EXAMS Focus on Trading in “Similar Industries”
In April, a Divisions of Examinations’ (“EXAMS”) Risk Alert on “Investment Adviser MNPI Compliance Issues” signaled the SEC’s intention to continue looking for instances of “shadow trading.” See Division of Examinations Risk Alert, “Investment Adviser MNPI Compliance Issues” (April 26, 2022). The alert details “notable deficiencies” the EXAMS staff observed during recent examinations of registered investment advisers. Among the deficiencies, the staff noted firms’ failure to implement adequate policies and procedures relating to their expert network consultants, including “[r]eviewing relevant trading activity of supervised persons in the securities of publicly traded companies that are in similar industries as those discussed during calls.”
This evidently common deficiency smacks of the kind of “shadow trading” the Enforcement staff targeted in Panuwat – and marks the first time the SEC has explicitly stated a requirement to address “shadow trading” through advisory firms’ compliance apparatus. The alert is characteristically light on specific guidance, but nevertheless signals that staff throughout the agency are focusing on “shadow trading.” The Risk Alert makes clear that firms should consider whether they need to do more to address the risk that supervised persons are executing trades in the securities of publicly traded companies “that are in similar industries” to companies about which they possess potential MNPI.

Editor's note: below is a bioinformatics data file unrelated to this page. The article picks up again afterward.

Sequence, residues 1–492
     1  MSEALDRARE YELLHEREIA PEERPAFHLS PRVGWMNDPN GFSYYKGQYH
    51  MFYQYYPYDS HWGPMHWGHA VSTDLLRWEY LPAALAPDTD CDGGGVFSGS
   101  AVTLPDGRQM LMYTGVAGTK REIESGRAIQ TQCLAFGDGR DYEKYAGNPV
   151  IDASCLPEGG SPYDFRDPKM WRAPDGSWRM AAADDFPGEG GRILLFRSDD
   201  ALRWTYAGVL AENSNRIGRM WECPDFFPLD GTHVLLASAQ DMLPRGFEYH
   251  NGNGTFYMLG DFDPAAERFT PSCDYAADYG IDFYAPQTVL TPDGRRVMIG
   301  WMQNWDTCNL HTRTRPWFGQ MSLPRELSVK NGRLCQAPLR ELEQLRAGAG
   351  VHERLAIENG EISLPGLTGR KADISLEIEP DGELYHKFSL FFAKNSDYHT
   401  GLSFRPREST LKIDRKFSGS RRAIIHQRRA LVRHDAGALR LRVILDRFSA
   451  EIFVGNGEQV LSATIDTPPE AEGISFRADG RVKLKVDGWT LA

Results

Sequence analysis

A Focus on Private Equity
Unsurprisingly, perhaps, the staff is likely to focus on advisers to private funds. In its 2022 Examination Priorities, EXAMS counted private funds first among its “Significant Focus Areas,” given “the significance of examination findings over the past several years, and the size, complexity, and significant growth of this market.” See Division of Examinations 2022 Examination Priorities (January 2022). The recent EXAMS Risk Alert confirms that the division views oversight of advisers to private funds as a programmatic imperative.